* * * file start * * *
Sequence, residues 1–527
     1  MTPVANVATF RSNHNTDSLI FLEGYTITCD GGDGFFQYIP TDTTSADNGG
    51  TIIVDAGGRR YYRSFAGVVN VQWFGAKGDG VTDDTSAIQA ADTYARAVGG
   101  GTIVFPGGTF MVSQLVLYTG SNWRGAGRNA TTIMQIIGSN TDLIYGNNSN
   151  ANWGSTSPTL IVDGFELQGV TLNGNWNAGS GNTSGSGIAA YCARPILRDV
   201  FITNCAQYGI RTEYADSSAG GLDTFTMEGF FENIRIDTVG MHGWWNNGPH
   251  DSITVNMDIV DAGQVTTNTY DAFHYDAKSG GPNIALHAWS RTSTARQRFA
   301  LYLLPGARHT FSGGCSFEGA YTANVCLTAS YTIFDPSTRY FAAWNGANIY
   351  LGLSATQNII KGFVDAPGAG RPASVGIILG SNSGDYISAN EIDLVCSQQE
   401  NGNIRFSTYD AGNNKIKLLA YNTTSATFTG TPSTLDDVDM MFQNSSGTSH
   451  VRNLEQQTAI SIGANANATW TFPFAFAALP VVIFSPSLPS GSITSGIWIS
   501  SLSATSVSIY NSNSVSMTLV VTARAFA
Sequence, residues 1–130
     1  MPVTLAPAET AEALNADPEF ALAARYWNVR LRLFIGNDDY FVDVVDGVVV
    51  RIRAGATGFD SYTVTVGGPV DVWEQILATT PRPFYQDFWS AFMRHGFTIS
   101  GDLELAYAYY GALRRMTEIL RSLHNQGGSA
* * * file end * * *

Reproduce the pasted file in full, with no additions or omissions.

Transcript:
Sequence, residues 1–527
     1  MTPVANVATF RSNHNTDSLI FLEGYTITCD GGDGFFQYIP TDTTSADNGG
    51  TIIVDAGGRR YYRSFAGVVN VQWFGAKGDG VTDDTSAIQA ADTYARAVGG
   101  GTIVFPGGTF MVSQLVLYTG SNWRGAGRNA TTIMQIIGSN TDLIYGNNSN
   151  ANWGSTSPTL IVDGFELQGV TLNGNWNAGS GNTSGSGIAA YCARPILRDV
   201  FITNCAQYGI RTEYADSSAG GLDTFTMEGF FENIRIDTVG MHGWWNNGPH
   251  DSITVNMDIV DAGQVTTNTY DAFHYDAKSG GPNIALHAWS RTSTARQRFA
   301  LYLLPGARHT FSGGCSFEGA YTANVCLTAS YTIFDPSTRY FAAWNGANIY
   351  LGLSATQNII KGFVDAPGAG RPASVGIILG SNSGDYISAN EIDLVCSQQE
   401  NGNIRFSTYD AGNNKIKLLA YNTTSATFTG TPSTLDDVDM MFQNSSGTSH
   451  VRNLEQQTAI SIGANANATW TFPFAFAALP VVIFSPSLPS GSITSGIWIS
   501  SLSATSVSIY NSNSVSMTLV VTARAFA
Sequence, residues 1–130
     1  MPVTLAPAET AEALNADPEF ALAARYWNVR LRLFIGNDDY FVDVVDGVVV
    51  RIRAGATGFD SYTVTVGGPV DVWEQILATT PRPFYQDFWS AFMRHGFTIS
   101  GDLELAYAYY GALRRMTEIL RSLHNQGGSA